How to live with unfulfilled dreams: Review of Longing For Paris by Sarah Mae

Ah, Paris. The word itself makes me sigh, just hearing it. And if I hadn’t had the unforgettable opportunity to visit Paris in college while I studied for a semester in England, the longing might be unbearable.

Okay, so there’s still a part of me that dreams of going back, this time with my love by my side. Isn’t it tragic that my husband and I have been to Paris separately, in our youth, but never together? Tragic, I tell you.

There’s something about Paris that hits on my longing for adventure and beauty and meaning. And it’s not just Paris. It’s Italy. It’s travel to anywhere I’ve never been. It’s my dream of writing a book. Of finding purpose in my work and life.

It’s the kinds of things that get pushed down or set aside in motherhood, things I’ve been wondering about: Are they recoverable? Do they fit in my life anymore as a mom?

Not long ago, I read Elizabeth Gilbert’s Eat, Pray, Love and I wanted to escape my day-to-day life–for real–to have those kinds of adventures and “find myself.”

LFPThank God–I really do!–for the next book to come along: Sarah Mae’s Longing for Paris: One Woman’s Search for Joy, Beauty and Adventure Right Where She Is. Pause for a moment and take all of that title in.

In this book, Sarah Mae recognizes our longings and affirms them as gifts from a God who cares about our dreams because He cares about us.

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This book could not have come at a more perfect time. (Disclaimer: I received an advance copy of the book from Tyndale House Publishers in exchange for my review.) I’m in the middle of a year focusing on the word “whole” and my kids will both be in school all day starting in the fall. I have this amazing opportunity to rediscover who I am after feeling like motherhood swallowed me these last 7 or so years.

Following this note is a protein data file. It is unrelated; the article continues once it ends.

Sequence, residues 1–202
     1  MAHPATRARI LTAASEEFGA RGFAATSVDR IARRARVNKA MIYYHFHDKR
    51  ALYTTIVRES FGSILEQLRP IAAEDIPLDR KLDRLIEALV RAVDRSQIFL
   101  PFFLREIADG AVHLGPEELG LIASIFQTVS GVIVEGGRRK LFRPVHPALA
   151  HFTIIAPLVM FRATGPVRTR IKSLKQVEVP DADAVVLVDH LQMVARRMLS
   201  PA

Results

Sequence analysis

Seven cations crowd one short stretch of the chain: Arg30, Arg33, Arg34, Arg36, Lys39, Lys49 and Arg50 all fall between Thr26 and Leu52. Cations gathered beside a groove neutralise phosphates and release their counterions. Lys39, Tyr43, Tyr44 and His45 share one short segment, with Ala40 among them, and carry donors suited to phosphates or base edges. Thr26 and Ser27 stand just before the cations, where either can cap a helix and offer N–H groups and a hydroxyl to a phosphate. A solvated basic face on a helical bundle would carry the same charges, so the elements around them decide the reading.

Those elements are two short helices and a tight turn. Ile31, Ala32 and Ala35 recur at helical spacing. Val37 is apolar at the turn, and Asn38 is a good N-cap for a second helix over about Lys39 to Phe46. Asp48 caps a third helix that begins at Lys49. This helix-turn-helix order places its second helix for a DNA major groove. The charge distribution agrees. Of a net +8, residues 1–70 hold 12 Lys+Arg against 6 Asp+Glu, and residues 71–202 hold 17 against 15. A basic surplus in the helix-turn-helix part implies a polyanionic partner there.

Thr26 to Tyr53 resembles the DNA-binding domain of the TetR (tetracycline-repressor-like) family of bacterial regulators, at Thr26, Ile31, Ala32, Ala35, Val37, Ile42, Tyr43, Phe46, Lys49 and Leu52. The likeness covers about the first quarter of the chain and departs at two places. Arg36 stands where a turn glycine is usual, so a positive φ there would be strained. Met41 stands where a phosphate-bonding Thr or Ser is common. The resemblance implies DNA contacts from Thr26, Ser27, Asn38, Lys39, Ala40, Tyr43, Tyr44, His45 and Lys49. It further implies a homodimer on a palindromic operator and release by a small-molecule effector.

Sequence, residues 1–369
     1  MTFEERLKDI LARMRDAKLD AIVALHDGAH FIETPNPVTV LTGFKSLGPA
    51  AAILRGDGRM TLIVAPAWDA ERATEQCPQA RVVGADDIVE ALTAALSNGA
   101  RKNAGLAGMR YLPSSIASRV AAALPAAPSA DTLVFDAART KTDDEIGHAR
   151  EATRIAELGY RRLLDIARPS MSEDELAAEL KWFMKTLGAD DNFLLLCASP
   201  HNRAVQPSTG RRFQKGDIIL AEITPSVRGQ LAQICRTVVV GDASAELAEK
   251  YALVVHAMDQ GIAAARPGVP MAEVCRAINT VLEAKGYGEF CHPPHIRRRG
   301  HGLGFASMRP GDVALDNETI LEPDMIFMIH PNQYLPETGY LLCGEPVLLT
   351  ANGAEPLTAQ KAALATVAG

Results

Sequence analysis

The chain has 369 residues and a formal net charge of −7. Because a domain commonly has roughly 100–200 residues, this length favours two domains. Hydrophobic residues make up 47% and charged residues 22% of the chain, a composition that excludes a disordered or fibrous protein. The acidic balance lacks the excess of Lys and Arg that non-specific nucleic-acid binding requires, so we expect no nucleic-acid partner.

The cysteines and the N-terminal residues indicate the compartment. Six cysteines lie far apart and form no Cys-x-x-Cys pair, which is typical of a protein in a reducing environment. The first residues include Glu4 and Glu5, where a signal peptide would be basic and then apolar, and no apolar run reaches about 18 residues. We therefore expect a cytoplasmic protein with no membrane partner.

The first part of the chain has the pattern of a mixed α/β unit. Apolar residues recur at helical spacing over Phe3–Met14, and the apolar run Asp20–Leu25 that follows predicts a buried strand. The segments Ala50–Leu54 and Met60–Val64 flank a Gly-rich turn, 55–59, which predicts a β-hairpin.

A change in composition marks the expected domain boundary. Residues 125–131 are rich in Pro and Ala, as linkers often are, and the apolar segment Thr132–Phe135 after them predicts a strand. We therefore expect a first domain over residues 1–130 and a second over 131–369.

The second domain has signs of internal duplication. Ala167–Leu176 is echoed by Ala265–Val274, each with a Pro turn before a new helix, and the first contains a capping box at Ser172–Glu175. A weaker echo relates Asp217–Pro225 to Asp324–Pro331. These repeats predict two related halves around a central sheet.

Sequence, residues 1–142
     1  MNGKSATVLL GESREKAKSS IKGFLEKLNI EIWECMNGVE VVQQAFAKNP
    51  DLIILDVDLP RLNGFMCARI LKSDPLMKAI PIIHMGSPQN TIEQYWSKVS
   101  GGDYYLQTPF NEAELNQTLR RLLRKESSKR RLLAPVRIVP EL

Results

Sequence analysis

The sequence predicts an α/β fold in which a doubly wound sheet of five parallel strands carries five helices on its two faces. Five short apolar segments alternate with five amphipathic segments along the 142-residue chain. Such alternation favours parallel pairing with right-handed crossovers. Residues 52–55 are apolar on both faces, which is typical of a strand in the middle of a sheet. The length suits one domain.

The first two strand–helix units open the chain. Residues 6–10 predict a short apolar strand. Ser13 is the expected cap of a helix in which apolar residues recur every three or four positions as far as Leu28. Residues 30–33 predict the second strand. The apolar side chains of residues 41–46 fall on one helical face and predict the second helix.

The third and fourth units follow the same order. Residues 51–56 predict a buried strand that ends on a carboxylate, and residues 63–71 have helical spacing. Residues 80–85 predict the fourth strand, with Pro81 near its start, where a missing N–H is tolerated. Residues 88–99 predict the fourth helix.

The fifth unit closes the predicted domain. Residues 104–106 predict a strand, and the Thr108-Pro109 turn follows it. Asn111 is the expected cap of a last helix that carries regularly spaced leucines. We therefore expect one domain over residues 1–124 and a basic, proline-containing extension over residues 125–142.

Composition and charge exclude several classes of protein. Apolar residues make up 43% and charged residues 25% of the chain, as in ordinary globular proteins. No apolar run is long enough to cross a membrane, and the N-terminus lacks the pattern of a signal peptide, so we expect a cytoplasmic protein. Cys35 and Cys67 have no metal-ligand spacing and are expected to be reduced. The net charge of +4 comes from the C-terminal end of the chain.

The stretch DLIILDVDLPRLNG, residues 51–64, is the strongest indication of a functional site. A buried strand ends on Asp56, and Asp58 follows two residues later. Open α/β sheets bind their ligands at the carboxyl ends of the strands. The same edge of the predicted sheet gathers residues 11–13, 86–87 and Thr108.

Longing For Paris encourages moms at any stage of parenting (or any woman with unfulfilled longings) that we can have that beauty, adventure and meaning we’re looking for, right in our own homes and towns. But it’s not just empty platitudes Sarah Mae offers; it’s practical ways to do this.

A few of my favorite take-aways from the book:

  • Adventure can be anything out of the ordinary: dessert before dinner, a French pastry from a local cafe, savoring your food. It’s a call to seek out the “Paris” wherever you are.
  • Beauty is what you make of it. In the ordinary, everyday, we can begin to think that we’re not beautiful or our lives are not beautiful. Taking a cue from the confidence of French women, who seldom worry about what other people think, Sarah encourages us to choose to see beauty. And one way to do this is to get rid of our frumpy clothes or anything we wear that doesn’t make us feel beautiful. I love this suggestion because I know there are clothes in my closet that negatively affect my attitude about myself.
  • Simplicity adds to our contentment with what we have. It’s weird how having more stuff doesn’t make us any happier, just more burdened. She told a story about having her kids choose 20 things to keep out of all their things. That sounded like a lot, but she realized how much more they actually had. Purging and simplifying our things helps us enjoy what we do have.

I took a lot of notes with this book, and I want to plaster some of the quotes from the book in front of me always so I can remember these words.

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It’s a beautiful call to live a full and rewarding life, even if it’s not everything you hoped it would be.

If you love your life–most days–but wonder if there’s still room in it for your dreams, then this is the book that will help you live with that tension, not just in a settling for less kind of way, but in a deeply satisfying way.

You can find out more about the book here.